Mental Health @ Home book review: Hello Cruel World
MH@H Book Reviews

Book Review: Hello, Cruel World

Hello, Cruel World: 101 Alternative to Suicide for Teens, Freaks & Other Outlaws by Kate Bornstein was recommended to me by Skinny Hobbit. It's written for nonconforming "freaks and outlaws," whether that be in relation to gender, sexual orientation, or anything else that society likes to judge. It has fun illustrations, like a "get out… Continue reading Book Review: Hello, Cruel World

How much control do you have over your own mind? - graphic of head with cogs turning inside
Our Minds & Our Selves

How Much Control Do You Have Over Your Mind?

A while back, a post about choosing to be positive came up in my WP Reader feed. The blogger mentioned that "our mind is something we do and can have control over." While they weren't making reference to mental illness at all, I don't think control over one's own mind is quite so cut and… Continue reading How Much Control Do You Have Over Your Mind?

Book Cover: I Will Not Be My Mental Illness
MH@H Book Reviews

Book Review: I Will Not Be My Mental Illness

I Will Not Be My Mental Illness: Let's Recover Together by Karina Pommainville-Odell, a fellow blogger, is an invitation for the reader to join the author in working on a better life with mental illness. The book's tone is friendly and encouraging, and positive in a realistic rather than over the top way. Chapters are… Continue reading Book Review: I Will Not Be My Mental Illness

MH@H book review: Braving Bipolar by Stephanie Schlosser
MH@H Book Reviews

Book Review: Braving Bipolar

In Braving Bipolar: A Family Journey and Guide, Stephanie Schlosser shares her experiences with bipolar disorder in order to support others who have the disorder, provide education and insights for those who don't, and challenge stigma. The book is broken into two parts. Part I gives a chronological view of how the author's illness developed… Continue reading Book Review: Braving Bipolar

a list of cognitive biases that can feed into social anxiety
Mental Health & Illness

Cognitive Biases that Can Feed into Social Anxiety

This post is a follow-up to a conversation that Winter Dragonflies and I were having about different mental errors that can feed into social anxiety. We all have a natural set of cognitive biases that can result in mental errors, so I wanted to take a look at what some of those might be. Cognitive… Continue reading Cognitive Biases that Can Feed into Social Anxiety

Mental Health @ Home book review: The Suicidal Thoughts Workbook
MH@H Book Reviews

Book Review: The Suicidal Thoughts Workbook

The Suicidal Thoughts Workbook by Kathryn Hope Gordon aims to support people experiencing thoughts of suicide to help manage their emotional pain, drawing on cognitive behavioural therapy (CBT) strategies. The book begins by guiding the reader through worksheets to reflect on reactions to the suicidal thoughts and identify risk factors and elements in the environment… Continue reading Book Review: The Suicidal Thoughts Workbook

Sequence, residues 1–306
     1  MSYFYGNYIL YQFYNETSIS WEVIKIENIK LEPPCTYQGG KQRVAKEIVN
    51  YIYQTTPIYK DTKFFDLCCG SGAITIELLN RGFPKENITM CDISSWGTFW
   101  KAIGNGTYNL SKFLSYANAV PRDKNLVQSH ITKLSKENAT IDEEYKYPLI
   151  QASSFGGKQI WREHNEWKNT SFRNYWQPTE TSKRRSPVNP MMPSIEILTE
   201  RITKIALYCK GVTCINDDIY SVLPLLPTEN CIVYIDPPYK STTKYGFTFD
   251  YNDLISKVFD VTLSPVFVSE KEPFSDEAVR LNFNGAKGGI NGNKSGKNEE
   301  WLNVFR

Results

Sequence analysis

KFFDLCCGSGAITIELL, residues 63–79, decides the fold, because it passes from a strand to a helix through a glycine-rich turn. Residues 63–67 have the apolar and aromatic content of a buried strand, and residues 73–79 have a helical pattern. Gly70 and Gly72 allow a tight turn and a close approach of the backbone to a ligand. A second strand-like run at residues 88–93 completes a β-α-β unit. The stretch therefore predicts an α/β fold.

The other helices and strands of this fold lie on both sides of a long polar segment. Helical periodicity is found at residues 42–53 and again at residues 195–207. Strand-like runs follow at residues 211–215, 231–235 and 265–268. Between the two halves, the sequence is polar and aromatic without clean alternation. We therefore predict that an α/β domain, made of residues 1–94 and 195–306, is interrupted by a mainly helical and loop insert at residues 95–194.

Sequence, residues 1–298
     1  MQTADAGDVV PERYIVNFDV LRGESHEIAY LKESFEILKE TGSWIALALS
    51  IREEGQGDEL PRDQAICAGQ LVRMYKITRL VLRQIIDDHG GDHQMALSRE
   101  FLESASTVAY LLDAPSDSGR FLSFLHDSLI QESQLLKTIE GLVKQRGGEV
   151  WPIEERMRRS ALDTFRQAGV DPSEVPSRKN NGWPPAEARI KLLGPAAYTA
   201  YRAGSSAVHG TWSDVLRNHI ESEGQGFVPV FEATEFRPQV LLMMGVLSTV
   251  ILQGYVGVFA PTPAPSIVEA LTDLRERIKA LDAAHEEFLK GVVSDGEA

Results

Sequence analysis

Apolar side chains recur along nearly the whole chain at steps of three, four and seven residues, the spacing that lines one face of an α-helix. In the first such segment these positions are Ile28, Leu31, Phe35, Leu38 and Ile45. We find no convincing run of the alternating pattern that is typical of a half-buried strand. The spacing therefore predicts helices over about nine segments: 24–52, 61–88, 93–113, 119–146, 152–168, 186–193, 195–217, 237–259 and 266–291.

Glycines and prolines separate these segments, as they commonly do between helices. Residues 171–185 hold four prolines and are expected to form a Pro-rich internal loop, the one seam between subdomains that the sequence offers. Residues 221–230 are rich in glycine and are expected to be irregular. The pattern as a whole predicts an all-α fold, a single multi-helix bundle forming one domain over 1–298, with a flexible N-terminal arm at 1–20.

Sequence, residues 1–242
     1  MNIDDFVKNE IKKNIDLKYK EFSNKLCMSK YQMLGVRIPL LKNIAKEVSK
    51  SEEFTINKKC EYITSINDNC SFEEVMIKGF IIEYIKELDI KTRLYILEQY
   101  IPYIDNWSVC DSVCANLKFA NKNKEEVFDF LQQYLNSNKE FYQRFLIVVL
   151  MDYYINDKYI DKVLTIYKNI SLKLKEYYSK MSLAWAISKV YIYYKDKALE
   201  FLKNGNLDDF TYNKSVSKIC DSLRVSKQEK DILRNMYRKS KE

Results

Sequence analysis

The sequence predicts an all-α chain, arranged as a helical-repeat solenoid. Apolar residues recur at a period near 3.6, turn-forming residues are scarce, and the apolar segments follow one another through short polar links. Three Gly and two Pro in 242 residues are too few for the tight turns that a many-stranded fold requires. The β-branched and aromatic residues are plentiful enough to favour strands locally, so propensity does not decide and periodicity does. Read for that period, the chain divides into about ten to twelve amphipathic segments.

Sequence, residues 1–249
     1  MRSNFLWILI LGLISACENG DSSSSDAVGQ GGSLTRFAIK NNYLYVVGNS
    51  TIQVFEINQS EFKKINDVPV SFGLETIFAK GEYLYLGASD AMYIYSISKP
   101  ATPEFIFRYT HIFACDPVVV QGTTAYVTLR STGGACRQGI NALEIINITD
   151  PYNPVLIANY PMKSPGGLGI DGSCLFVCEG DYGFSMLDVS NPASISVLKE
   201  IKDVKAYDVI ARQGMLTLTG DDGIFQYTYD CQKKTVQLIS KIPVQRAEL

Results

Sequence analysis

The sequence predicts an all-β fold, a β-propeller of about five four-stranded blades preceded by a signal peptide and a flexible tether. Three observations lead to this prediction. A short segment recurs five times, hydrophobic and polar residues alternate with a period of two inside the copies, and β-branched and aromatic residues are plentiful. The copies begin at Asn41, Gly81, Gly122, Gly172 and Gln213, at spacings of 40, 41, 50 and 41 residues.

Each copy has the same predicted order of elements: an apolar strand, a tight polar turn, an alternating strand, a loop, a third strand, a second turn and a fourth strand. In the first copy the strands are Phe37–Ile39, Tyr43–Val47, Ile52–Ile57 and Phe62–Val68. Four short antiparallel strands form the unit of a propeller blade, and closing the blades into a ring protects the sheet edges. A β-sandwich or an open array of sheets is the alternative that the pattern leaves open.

The words Human Rights with hands reaching towards them
Mental Health & Illness

The UN’s Position on Human Rights and Mental Illness

In 1991, the United Nations General Assembly passed a set of principles for the protection of persons with mental illness and the improvement of mental health care. The international community will talk the talk when it comes to human rights and mental illness, but they're still a long way from walking the walk. This post… Continue reading The UN’s Position on Human Rights and Mental Illness

Acceptance and commitment therapy metaphors: passengers on a bus, tug of war, leaves on a stream, and the chessboard
Therapy

Acceptance and Commitment Therapy Metaphors

Acceptance and commitment therapy (ACT) is really big on using metaphors to convey key concepts. This post will take a look at a few of them. Self-as-context metaphors Chessboard A core message of ACT is that our self is the context for what happens inside our heads, not the content of it. One metaphor for… Continue reading Acceptance and Commitment Therapy Metaphors

What Is... Series (Insights into Psychology)
Insights into Psychology Series

What Is… Avoidant/Restrictive Food Intake Disorder (ARFID)

In this series, I dig a little deeper into the meaning of psychology-related terms. This week's term is avoidant/restrictive food intake disorder. Avoidant/restrictive food intake disorder (ARFID) is a type of eating disorder that involves restricting food intake, not with the aim of weight loss, but more along the lines of picky eating twisted to… Continue reading What Is… Avoidant/Restrictive Food Intake Disorder (ARFID)

In Defense of Stigma? Exploring an article minimizing mental illness stigma
Stop the Stigma

In Defense of… Stigma?

I recently came across Manhattan Institute fellow Stephen Eide's 2020 article In Defense of Stigma in the online magazine National Affairs. It had some... odd... ideas about mental illness stigma, so I thought I would explore some of them. Okay, forget about exploring, I'm going to rant. The basic argument in the paper is that… Continue reading In Defense of… Stigma?